If we are to achieve economic recovery, we will need to address social infrastructure weaknesses in aged care, health and university education, writes Professor John Quiggin.
WITH THE economy in recession as a result of the COVID-19 pandemic and depressed conditions likely to continue for a year or more to come, attention has turned to strategies to promote recovery.
Unsurprisingly, most participants in the policy process have turned to the kinds of strategies they have always favoured.
High on the list for many is increased investment in physical infrastructure projects and particularly transport infrastructure. Such projects, always announced with an impressive-sounding number of associated jobs, lend themselves to images of legions of workers toiling with picks and shovels (the term "shovel-ready" is commonly used for projects ready to be implemented rapidly). And the announcement of such projects gives rise to media-friendly images, mercilessly satirised by the ABC program Utopia, of politicians in hard hats and hi-vis vests, busily engaged in building the nation.
Yet this image has long been out of date. Moreover, the pandemic and its long-term consequences entail the need for a fundamental rethinking of the role of transport in the economy and of the kinds of investments that we will need in the future.
Large-scale infrastructure projects generate relatively little employment compared to their huge costs. Much of the cost goes on heavy equipment, most of which is imported. Meanwhile, physical transport has become relatively less important as the 20th Century economy, based almost entirely on physical goods, is replaced by a service and information economy, where the core infrastructure is that associated with the internet.
The pandemic has rapidly accelerated this transition. While some of the decline in transport we have seen will be reversed when the virus is controlled – or when, as elsewhere, we decide to put up with the steady toll it exacts – much of it will not be.
Business travel is unlikely ever to return to its previous levels. As experience with online meetings has been forced upon us, their advantages have become obvious and have grown over time.
In the pre-pandemic era, organising a meeting with virtual participants was more difficult and complex than the alternative of providing everyone with transport to a physical venue. Now, it’s just a matter of sending out invitations from Zoom or Microsoft Teams. It’s easy to schedule multiple meetings, with different participants in quick succession or even, at a pinch, in parallel. In the light of these advantages – and the likelihood that some level of social distancing will be needed for years to come – it’s highly likely that online meetings will remain the norm even after constraints on travel are removed.
The biggest impacts will be on air travel. In the pre-pandemic era, it was common for business meetings to be organised in a conference room located in or near to an airport, with the participants driving to the airport in their home city, flying to the meeting, then returning home. It seems unlikely that this nonsensical practice will ever return. But business travel of all kinds will raise the question (asked in British posters during WWII), Is your journey really necessary?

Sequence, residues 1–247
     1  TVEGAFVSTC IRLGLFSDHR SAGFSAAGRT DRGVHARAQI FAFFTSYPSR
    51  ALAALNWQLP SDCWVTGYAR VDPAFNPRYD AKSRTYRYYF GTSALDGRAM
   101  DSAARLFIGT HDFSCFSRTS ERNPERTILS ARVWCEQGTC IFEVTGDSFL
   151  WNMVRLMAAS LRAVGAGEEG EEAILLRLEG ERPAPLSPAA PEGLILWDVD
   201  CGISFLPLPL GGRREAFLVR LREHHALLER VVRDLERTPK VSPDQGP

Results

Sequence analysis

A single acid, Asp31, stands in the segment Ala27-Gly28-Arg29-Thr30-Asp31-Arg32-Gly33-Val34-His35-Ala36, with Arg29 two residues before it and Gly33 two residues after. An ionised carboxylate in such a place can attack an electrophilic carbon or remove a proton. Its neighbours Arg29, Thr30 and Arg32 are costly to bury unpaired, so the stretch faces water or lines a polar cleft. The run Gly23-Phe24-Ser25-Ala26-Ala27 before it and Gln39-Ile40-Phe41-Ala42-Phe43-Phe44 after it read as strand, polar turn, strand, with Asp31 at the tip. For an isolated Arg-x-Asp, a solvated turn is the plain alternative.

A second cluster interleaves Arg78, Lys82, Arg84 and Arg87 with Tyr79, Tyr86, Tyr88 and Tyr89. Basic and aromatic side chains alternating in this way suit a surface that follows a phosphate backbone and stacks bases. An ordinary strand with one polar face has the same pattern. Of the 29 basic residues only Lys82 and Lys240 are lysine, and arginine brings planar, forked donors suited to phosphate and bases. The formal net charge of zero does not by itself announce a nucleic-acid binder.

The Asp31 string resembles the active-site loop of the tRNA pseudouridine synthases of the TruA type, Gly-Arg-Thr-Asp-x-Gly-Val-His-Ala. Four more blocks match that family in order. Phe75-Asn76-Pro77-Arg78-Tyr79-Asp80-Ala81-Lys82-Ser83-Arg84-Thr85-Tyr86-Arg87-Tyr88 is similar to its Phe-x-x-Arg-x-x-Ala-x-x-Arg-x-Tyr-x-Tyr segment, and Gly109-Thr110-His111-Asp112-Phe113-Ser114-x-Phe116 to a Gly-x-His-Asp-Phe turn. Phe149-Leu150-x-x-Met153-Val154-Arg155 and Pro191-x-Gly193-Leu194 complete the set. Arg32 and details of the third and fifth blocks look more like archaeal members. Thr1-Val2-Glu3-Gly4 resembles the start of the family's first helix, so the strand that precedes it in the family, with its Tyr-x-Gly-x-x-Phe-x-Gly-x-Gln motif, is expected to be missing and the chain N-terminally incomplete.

The effect on commuting to work will not be as great. Some employers are already trying to reverse the shift towards working from home. But the obvious efficiency gains and the cost of providing enough office space to maintain a safe workplace mean that these efforts are unlikely to be more than partially successful. So, the total demand for work travel is likely to decline.
Some other kinds of private travel are likely to fall. The pandemic forced many households to rely on home delivery of groceries. A single delivery truck needs much less road space than a couple of dozen households, each driving to the grocery store and back.
The big problem raised by the pandemic has been the decline in public transport usage. Travellers understandably prefer using their own cars to sharing a bus or carriage with a crowd of strangers. Fixing this problem is an urgent task if congestion is to be controlled. The first step must be making masks compulsory. As most people now understand, the main point of masks is not to protect the wearer against infection but to protect others — in this case, fellow travellers. A mask mandate might discourage some who are opposed to such precautions from using public transport, but these are the people most likely to engage in high-risk behaviour of all kinds.
If transport infrastructure investments are not the right way to stimulate the economy, what kinds of investment do we need? The most important single physical investment we can make is to fix the National Broadband Network, replacing Malcolm Turnbull’s hodgepodge with high-speed fibre to the premises everywhere. This investment would create more jobs for a given budget than a big road project. Even better in this respect would be an expansion of social housing.
But the biggest investments we need to make are in people, not concrete. The pandemic has exposed huge weaknesses in our social infrastructure, from aged care and public health to university education. These are the areas that desperately need more investment if we are to make the economic transformation we need.
John Quiggin is Professor of Economics at the University of Queensland and the author of 'Zombie Economics and Economics in Two Lessons'. You can follow John on Twitter @JohnQuiggin.
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